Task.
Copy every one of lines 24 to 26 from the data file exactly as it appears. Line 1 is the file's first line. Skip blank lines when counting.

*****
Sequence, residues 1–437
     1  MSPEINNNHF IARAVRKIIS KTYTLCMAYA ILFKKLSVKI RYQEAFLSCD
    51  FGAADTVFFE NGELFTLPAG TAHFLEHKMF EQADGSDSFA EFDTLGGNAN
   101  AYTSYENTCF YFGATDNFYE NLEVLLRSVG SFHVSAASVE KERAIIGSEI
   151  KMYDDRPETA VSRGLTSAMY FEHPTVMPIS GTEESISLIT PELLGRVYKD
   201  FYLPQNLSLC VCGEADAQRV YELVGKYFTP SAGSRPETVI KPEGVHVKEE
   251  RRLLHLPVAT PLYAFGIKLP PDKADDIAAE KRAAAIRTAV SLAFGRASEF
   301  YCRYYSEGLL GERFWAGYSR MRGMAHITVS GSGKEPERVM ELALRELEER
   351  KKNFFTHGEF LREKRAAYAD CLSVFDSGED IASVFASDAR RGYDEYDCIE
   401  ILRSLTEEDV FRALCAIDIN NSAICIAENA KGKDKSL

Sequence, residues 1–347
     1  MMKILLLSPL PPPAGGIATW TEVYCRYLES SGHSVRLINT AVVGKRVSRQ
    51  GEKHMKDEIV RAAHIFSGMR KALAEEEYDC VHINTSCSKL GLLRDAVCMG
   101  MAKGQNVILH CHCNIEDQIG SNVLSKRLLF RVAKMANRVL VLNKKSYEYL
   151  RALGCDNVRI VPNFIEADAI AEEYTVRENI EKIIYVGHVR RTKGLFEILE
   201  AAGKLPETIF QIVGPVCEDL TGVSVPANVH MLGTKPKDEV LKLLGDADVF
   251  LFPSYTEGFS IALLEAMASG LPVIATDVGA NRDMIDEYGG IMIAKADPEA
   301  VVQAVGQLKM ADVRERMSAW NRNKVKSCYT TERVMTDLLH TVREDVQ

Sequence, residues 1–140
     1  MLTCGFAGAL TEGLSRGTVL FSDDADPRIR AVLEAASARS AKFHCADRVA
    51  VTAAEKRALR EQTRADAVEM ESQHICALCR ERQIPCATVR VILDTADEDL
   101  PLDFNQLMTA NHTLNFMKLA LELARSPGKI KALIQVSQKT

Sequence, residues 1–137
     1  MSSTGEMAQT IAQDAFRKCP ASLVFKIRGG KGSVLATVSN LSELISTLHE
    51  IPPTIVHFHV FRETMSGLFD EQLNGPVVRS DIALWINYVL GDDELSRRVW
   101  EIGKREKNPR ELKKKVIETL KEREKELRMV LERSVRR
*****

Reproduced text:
     1  MSSTGEMAQT IAQDAFRKCP ASLVFKIRGG KGSVLATVSN LSELISTLHE
    51  IPPTIVHFHV FRETMSGLFD EQLNGPVVRS DIALWINYVL GDDELSRRVW
   101  EIGKREKNPR ELKKKVIETL KEREKELRMV LERSVRR